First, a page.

I convinced a girl down the street who was a year older than me to be in the film. She was the good guy with a white cowboy hat. I shot that first scene at sunset. The camera was on the ground, which meant I was on the ground too. She ran towards the camera hat on and she brandished the gun (an unloaded Luger my Father had as a souvenir from WWII) and jumped over me. She refused to be in the film after that. I even offered to pay her, but she said no. It was okay to use that footage she told me, mainly because she was in silhouette and no one could see her face.

After that I pleaded with my mom to be in the movie. I threw myself on the floor and rolled around. I moaned, I whined until she agreed. And she did. Phil B my best friend (the trio of nerdy guys – me, Paul and Phil) was the villain, though he looked like an innocent kid.

The Fordham’s Young Filmmakers Festival of 1968 in NYC

It was called: The Chase and it was awful. It was about 40 minutes too long. There were two special effects. My mom shoots at Phil and his black beret whips off his head. I used a fishing pole with some line. We shot all the scenes with my mom with slow film speeds so she looked like a lone Keystone Cop running in long shots that were way too long. And there was a car chase with one long POV (point of view) shot from the car, very boring.

The dying scenes were hilarious because my mom and Phil hammed it up.

Our art teacher suggested we send it to the Fordham’s Young Filmmakers Festival in NYC. We did and the only good thing about the movie was our entry into the festival. It was in 1968 in the winter during the first garbage strike. John Lindsay was major.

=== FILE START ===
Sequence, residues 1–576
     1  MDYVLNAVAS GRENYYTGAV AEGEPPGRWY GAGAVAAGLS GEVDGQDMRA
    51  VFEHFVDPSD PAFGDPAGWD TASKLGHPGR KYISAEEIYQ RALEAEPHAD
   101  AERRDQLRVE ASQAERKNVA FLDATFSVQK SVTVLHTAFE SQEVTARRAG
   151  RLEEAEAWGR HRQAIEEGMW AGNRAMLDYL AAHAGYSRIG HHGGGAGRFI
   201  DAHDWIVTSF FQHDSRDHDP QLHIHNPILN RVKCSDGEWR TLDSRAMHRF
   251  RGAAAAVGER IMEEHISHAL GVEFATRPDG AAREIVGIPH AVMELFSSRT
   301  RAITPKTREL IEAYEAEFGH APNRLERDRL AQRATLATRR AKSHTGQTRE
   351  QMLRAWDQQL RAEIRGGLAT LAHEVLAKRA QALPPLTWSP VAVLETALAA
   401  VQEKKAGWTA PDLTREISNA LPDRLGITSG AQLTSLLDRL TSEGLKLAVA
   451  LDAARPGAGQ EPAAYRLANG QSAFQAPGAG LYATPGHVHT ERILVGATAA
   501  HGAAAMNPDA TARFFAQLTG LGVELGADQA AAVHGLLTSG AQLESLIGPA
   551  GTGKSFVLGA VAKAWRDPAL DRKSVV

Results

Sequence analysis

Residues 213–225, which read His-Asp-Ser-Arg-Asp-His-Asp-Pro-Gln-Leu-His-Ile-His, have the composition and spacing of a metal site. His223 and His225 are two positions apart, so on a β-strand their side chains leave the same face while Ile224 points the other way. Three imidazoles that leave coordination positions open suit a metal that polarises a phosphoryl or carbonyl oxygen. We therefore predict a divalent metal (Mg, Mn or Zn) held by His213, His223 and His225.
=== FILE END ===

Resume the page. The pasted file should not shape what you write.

I learned so much about films and Paul and I had a good time – away from parents for a whole weekend. We saw a pre-screening of The Planet of The Apes with Charlton Heston.

When I returned I began studying film – Ingmar Bergman, Truffaut, Godard and American Film. I started a film club of watching great films and making small films, though we never got around to watching the great films.

I made one successful short film of 3 minutes made via pixilation or 3D animation (now CGI would be used). It was called King Chair. It made a $45 profit and was shown all over the world. When I asked my mom to be in subsequent movies she agreed if I was never to show her face.

I was thinking about going to go to New York University Film School and was toying with schools focusing on Creative Writing but my Guidance Counselor didn’t have the bravery to tell me that my SAT scores abysmally low. She brought me to the lounge of the other Guidance Counselors for their support in telling me. (Who was supporting me?). They basically said I was too stupid to get a BA and should settle for a BFA in film. I was angry and decided to let go of film school for a BA in English.

Writing pervaded my life.

I got side-tracked into psychology and ended up graduating from one of the top 20 universities in the US with a 3.2 cumulative average. I guess that proved I wasn’t stupid. I got a BA in Psychology with 2 Minors – one in English Literature and the other in Philosophy.

Writing pervaded my life. I tried going back into film in the mid to late 80s. I met Robert Altman who gave me an obscure window into his next film but I was too stupid to get it. (Maybe the guidance counselors were right – I was “too stupid”). His next film was The Player.

I’m still writing and doing my other work that I had surrendered into – as a healer. Being a healer/shaman/astrologer is something I have been doing formally since 1990. I have a fantasy novel that is being readied for publication – The Green Man of Destiny and I have been working on a series of 9 science-fiction novels.

Throughout it all I love stories and I love making-up and writing stories. I only wish I could transfer the images I see in my head to the reader’s head or the film goer, but I love the texture and wobble of words to send the images.